already committed to sell some of these sorts of mature branded assets to Bayer -- a month ago.]
It is well known that these mature branded prescription pharma lines sell well in these markets -- in many cases continuing organic growth -- and for decades beyond patent life, too. That makes these rights quite tempting to pull off the table -- and only sell fully developed world (US, Japan and EU) rights. Whitehouse Station would have powerful motive to protect, and keep that organic growth, while on the other hand private equity buyers will pay only significantly diminished sales multiples, without the same "Rest Of World" rights included in the purchased assets. We shall see.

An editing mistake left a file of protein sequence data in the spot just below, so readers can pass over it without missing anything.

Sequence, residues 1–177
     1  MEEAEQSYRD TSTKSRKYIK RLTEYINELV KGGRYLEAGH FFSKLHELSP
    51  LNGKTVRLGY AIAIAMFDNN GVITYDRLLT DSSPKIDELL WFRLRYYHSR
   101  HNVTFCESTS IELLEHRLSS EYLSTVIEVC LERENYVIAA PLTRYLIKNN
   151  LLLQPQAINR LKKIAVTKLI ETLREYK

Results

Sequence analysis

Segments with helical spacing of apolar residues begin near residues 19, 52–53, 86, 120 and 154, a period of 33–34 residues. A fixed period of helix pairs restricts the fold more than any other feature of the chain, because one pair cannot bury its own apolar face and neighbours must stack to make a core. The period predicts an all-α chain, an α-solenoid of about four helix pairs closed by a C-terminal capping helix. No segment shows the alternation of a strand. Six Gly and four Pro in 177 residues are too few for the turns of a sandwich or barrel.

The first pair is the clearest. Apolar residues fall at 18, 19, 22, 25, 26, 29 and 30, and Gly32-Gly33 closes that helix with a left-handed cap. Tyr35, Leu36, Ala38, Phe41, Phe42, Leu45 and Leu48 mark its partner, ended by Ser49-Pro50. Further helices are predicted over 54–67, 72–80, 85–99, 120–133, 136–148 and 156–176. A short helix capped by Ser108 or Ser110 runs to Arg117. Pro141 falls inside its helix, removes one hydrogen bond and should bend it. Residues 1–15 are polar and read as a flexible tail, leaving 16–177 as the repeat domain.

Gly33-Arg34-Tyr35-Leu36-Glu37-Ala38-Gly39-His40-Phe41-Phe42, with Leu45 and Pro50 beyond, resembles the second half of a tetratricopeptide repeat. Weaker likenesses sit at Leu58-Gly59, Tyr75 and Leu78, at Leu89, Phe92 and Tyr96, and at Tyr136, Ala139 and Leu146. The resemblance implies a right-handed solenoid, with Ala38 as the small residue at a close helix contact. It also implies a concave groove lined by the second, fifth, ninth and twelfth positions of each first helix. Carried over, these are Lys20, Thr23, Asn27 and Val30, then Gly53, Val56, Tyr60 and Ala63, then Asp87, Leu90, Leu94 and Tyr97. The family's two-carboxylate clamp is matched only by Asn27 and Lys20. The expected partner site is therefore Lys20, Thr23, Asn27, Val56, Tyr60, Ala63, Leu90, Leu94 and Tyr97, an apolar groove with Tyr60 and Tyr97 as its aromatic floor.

From the Wall Street Journal, then -- a bit -- do go read it all:
. . . .Merck has held preliminary discussions with a number of possible buyers for a group of treatments that could fetch in the neighborhood of $15 billion, according to people familiar with the matter. . . .
The businesses generally have wide profit margins, as their owners have already incurred many of the expenses associated with launching the medicines. Consequently, in a sale they could be worth a multiple of their annual sales, bankers say. The portfolios tend to have slow-growing or declining revenue, however, as many of the drugs have lost patent protection and compete with low-cost generic copies.
The deals are part of a narrowing of focus at big drug makers, which in recent months have been divesting slower-growing businesses or ones in which they have less of a competitive advantage. . . .
The Consumer Health deal packaged some of these lines up and sold them as well -- now, apparently, Whitehouse Station is looking at more of them -- casting a wider net. We shall see. I suspect no announcement is imminent.